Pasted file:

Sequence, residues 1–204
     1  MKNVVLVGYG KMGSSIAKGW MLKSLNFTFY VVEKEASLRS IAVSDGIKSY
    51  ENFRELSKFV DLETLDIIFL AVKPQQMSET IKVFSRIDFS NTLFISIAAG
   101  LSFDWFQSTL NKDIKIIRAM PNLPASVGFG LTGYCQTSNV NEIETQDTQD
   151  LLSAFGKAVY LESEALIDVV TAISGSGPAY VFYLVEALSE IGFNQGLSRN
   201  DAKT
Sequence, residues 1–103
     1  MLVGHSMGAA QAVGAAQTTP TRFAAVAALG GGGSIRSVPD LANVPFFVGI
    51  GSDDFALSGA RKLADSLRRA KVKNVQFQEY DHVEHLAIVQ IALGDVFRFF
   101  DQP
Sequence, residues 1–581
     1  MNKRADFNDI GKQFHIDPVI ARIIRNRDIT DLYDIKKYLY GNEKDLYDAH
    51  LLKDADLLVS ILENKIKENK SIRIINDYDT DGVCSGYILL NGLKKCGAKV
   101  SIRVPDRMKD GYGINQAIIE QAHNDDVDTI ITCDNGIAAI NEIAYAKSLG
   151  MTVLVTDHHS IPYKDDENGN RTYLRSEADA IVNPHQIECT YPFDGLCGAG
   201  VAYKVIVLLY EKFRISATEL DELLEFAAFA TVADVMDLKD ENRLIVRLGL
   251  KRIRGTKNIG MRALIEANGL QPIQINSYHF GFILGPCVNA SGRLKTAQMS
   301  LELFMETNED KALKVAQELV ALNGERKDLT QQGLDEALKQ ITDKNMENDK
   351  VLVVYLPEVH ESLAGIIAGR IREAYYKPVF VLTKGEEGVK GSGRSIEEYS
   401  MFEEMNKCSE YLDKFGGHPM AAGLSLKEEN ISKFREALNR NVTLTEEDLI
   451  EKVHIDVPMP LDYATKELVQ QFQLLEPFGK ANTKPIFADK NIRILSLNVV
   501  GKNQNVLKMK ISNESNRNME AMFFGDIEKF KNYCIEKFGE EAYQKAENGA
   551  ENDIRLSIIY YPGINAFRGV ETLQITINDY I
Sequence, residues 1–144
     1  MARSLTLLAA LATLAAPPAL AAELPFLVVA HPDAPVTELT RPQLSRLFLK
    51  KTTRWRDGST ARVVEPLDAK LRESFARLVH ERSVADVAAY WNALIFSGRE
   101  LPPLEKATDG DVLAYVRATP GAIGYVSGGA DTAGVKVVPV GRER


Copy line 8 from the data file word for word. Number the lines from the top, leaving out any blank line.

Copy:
     1  MLVGHSMGAA QAVGAAQTTP TRFAAVAALG GGGSIRSVPD LANVPFFVGI